Many effective physical theories are based on geometric structures that are, at least locally, quite simple. Was it inevitable that there would be simple geometric structures that expressed the relevant physical laws or is is unreasonable that we should be so lucky? Illustrations from Newton's Laws, Riemann's fundamental ideas, Einstein's general theory of relativity, Jesse Douglas' questions about the inverse problem, Lie's question about metrics representing a given set of `straight lines'. ## UNIVERSITY OF PENNSYLVANIA

## Department of Mathematics

Spring 2008 -Hans Rademacher Lectures in Mathematics

Robert Bryant

Duke University,

Mathematical Sciences Research Institute

&

University of California, Berkeleywill speak on

## Differential Equations and Geometric Structures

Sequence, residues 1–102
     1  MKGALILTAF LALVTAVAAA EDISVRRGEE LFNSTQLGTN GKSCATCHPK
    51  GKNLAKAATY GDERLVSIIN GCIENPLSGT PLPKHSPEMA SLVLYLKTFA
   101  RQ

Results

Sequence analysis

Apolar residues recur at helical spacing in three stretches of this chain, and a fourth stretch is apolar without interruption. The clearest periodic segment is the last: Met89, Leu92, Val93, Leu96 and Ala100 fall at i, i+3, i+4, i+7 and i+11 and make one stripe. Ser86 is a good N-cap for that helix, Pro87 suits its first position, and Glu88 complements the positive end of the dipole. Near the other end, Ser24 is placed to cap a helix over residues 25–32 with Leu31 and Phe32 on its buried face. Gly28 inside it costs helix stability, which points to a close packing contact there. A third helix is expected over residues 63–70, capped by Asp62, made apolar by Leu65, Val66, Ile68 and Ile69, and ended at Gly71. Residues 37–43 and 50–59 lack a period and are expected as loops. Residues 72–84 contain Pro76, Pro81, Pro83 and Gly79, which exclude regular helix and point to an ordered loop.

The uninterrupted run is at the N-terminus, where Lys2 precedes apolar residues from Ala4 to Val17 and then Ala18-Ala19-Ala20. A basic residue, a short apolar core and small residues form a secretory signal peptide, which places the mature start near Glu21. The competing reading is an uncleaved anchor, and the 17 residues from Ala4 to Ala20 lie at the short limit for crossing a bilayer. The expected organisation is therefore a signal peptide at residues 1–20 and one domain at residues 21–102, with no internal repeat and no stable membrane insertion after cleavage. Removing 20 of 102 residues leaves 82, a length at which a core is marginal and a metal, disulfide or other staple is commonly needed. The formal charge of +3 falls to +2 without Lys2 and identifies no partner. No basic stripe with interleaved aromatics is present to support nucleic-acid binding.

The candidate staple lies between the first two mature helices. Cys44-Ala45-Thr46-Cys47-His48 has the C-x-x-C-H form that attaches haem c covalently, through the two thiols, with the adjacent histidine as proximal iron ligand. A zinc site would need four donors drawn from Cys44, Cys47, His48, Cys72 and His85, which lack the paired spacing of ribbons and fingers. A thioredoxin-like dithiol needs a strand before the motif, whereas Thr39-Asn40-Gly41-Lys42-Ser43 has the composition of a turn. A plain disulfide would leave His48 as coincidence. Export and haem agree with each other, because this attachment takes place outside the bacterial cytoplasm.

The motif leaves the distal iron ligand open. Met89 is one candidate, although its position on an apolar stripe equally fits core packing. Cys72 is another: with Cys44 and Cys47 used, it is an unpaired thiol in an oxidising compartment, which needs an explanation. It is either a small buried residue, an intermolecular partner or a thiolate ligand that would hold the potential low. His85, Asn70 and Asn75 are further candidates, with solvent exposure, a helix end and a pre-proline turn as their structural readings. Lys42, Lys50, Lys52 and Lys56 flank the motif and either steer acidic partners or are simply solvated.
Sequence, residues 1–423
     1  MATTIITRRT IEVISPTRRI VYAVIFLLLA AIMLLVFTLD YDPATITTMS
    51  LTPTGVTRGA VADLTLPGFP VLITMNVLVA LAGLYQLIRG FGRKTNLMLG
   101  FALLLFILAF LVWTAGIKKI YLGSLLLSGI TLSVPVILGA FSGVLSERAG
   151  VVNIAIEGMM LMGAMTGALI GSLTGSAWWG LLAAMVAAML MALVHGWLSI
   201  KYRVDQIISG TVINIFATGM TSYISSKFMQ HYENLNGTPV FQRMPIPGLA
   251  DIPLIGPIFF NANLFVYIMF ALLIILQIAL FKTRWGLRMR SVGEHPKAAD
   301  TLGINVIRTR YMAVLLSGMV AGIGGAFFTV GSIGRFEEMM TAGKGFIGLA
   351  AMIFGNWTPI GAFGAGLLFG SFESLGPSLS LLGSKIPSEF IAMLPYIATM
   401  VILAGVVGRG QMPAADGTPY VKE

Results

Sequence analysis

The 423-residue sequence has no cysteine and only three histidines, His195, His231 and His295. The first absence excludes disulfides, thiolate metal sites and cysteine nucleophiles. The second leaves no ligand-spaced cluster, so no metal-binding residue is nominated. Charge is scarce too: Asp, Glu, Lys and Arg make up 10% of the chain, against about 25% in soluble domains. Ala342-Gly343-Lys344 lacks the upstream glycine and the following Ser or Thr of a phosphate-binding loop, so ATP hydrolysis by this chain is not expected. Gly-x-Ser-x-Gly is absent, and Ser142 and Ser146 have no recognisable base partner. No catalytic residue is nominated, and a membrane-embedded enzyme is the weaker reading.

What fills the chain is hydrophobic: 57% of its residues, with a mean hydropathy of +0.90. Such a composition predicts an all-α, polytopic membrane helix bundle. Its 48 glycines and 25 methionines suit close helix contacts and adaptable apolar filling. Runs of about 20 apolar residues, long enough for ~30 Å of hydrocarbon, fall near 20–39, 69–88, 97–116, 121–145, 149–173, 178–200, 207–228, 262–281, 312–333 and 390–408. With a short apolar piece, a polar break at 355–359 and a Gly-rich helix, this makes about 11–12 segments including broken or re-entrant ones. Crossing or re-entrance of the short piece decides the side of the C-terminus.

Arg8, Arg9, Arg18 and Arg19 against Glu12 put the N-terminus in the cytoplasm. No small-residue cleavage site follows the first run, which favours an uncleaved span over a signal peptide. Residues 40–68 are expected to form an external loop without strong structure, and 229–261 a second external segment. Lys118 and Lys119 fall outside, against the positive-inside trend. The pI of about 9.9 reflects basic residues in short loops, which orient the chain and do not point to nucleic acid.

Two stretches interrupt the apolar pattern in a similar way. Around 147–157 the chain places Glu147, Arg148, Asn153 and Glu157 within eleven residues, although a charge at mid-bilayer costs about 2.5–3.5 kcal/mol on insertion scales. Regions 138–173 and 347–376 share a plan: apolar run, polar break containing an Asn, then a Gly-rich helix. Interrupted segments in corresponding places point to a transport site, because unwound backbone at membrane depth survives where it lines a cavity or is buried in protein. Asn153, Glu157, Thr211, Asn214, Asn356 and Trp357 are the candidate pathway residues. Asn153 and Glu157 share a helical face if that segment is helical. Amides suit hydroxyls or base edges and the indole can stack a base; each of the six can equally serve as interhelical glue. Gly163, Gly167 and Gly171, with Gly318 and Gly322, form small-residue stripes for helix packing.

The unreasonable effectiveness of geometric methods

Tuesday....April 22, 2008.....4:00pm...A8 DRL

Geometric flows have been considered as an approach to constructing solutions of the special holonomy equations. In this talk, I will examine the nature of these `flows', in particular, their well-posedness and stability. Geometric flows and special holonomy

Wednesday....April 23, 2008....4:00pm...A6 DRL

[NOTE: Lecture will be broken into two 45-minute talks. The first 45 minutes will be of more general interest; the second 45 minutes will be more detailed.]

Several problems in differential geometry can be expressed as the problem of finding a so-called `Hessian representation' of a symmetric differential k-form. I will introduce these problems and discuss the problems in differential equations that they raise. which appear to require a number of different techniques to address. The Hessian representation problem

Thursday.....April 24, 2008....4:00pm...A8 DRL

[NOTE: Lecture will be broken into two 45-minute talks. The first 45 minutes will be of more general interest; the second 45 minutes will be more detailed.]

List of Previous Rademacher Lecturers Lectures will be held in the David Rittenhouse Laboratory,

S.E. corner of 33rd and Walnut Streets, Philadelphia, PA.

Tea: 4E17 DRL at 3:30pm.For further information, please call the Department of Mathematics at the University of Pennsylvania - 215-898-8627.